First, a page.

• “When in 1979, or perhaps it was 1980, the Vaněčeks left - those were also people from this group - when they went into emigration... When people emigrated, the way it was done was that they sold their flat and furniture, and then they didn’t have anywhere to host a farewell party, so they used to do it in our place. They asked us to lend them our flat for the purpose. And they invited their friends over, and those were old Bolsheviks, Šilhán was here back then, and that sort. And because they knew Věra Brázdová, the Brázdas were here as well. I can very clearly remember the scene when Jiřina Kyncolvá said that the whole situation of the seventies is much worse than it was in the fifties, because whole families are breaking up now and... Věra Brázdová started up: ‘Hold on there, but back then it was much worse, they locked up people for decades, and those families were also broken by that...’ And everyone here - from the kind of top ten thousand - were really terribly surprised. That was an incredible conversation, because they had the feeling that nothing bad had happened to them back then, and so I reckon that they didn’t even realise properly that things had happened to someone else. It was really peculiar because they started off again: ‘Oh, very well, but that only concerned some people, but now they were breaking up families and...’ It was such an unbelievable misunderstanding, everyone was talking about a completely different world. These people had been at the top, and they hadn’t paid any attention to what had been going on down below... Who of them apologised? A few did: Otka Bednářová, who really did experience it internally, the transformation. She took it as her fault, her collaboration, her membership in the Communist Party. I even have a letter from her here, when Havel was to receive some award, so she wrote that she really couldn’t attend the ceremony because how could stand next to Otík Mádr. That’s one case. And, to certain extent, also Jiří Ruml, who was very sensitive to these matters, surprisingly enough. But many of them did not, not in the slightest. I never saw Hübl, but I get the feeling that he still felt that they were the bearers, the nobility, the bearers of the future, what is right, what has gone a bit wrong now but will again come to power and everything will be corrected. It was easy with them. And they held us in utter disdain...”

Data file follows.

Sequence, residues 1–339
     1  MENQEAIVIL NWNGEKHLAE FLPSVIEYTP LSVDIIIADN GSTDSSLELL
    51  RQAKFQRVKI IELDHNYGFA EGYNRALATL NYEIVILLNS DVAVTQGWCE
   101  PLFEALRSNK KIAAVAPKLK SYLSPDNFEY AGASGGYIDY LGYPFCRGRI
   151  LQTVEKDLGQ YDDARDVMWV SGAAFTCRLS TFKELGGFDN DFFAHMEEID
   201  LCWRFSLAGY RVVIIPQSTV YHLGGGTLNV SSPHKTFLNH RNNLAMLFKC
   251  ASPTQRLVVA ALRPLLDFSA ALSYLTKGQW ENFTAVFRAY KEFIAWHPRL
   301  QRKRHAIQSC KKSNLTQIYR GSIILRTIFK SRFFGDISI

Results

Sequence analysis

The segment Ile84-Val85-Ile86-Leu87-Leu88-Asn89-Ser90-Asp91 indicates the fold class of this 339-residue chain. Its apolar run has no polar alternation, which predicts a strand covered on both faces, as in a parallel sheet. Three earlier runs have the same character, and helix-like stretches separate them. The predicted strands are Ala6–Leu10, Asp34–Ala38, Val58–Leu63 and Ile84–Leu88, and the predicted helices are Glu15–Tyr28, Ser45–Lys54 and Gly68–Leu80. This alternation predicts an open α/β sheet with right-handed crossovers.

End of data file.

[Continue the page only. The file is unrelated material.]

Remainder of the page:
• Full recordings
  • 1

    Praha, 11.08.2011

    duration: 04:08:32
    media recorded in project Memory of the Nation: stories from Praha 2
  • 2

    byt Kamily Bendové - Karlovo náměstí, 06.03.2018

    media recorded in project The Stories of Our Neigbours
  • 3

    Praha, 21.06.2021

    duration: 01:56:28
    media recorded in project Stories of 20th Century
  • 4

    Praha, 27.09.2021

    duration: 01:50:07
    media recorded in project Stories of 20th Century
  • 5

    Praha, 09.12.2021

    duration: 01:52:05
    media recorded in project Stories of 20th Century
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I felt as if the last six people who cared about this country were standing trial

Kamila Bendová
Kamila Bendová
photo: Autor dobové fotografie: Ivan Kyncl, archiv Kamily Bendové

Kamila Bendová, née Neubauerová, was born on 12 October 1946 in Brno. Her parents were lawyers, her father Zdeněk Neubauer was a professor of constitutional law and the author of the national insurance system. Her brother Zdeněk Neubauer Jr was a well-known microbiologist and philosopher. The Neubauers moved to Prague in 1954, where Kamila spent most of her primary school years. She attended the Comprehensive Secondary School (CSS) in Štěpánská Street and then switched to a special mathematics class at the CSS in Křesomyslova Street for the final year. In 1963 she met Václav Benda - the two married in 1967. She graduated from the Faculty of Mathematics and Physics of Charles University in Prague. In 1968 the young couple intended to emigrate, but in the end they decided that they would not find suitable employment abroad, and so they stayed. They both earned their degrees in 1969; Kamila Bendová was employed at the Mathematics Institute of the Czechoslovak Academy of Sciences. In 1977 Václav Benda decided to sign Charter 77 (the Bendas had five children at the time). Their flat at No. 18 Charles Square became a centrepoint of the dissident scene in Prague and was also one of the most State Security-scrutinised object in the capital. In 1979 Václav Benda was chosen as spokesman of the Charter; he also helped found the Committee for the Defence of the Unjustly Persecuted (CDUP). In reaction to this, the government took the CDUP representatives to court, where Václav Benda was sentenced to four years of prison. Kamila Bendová maintained contact with the Charter community while raising her children. Upon his return from prison in 1984, Václav Benda continued his efforts against the Communist regime; he published the samizdat philosophy magazine Paraf. He co-founded the Civic Forum during the Velvet Revolution; the Bendas’ adult sons Marek and Martin were in the students’ coordination committee. Václav Benda remained publicly active until his death in 1999. Kamila Bendová taught at the Department of Logic at the Faculty of Arts of Charles University from 1991. In June 2003 the Czech Senate elected her to the post of Inspector at the Office for Personal Data Protection. In 1999-2007 she led philosophy seminars at the Faculty of Arts.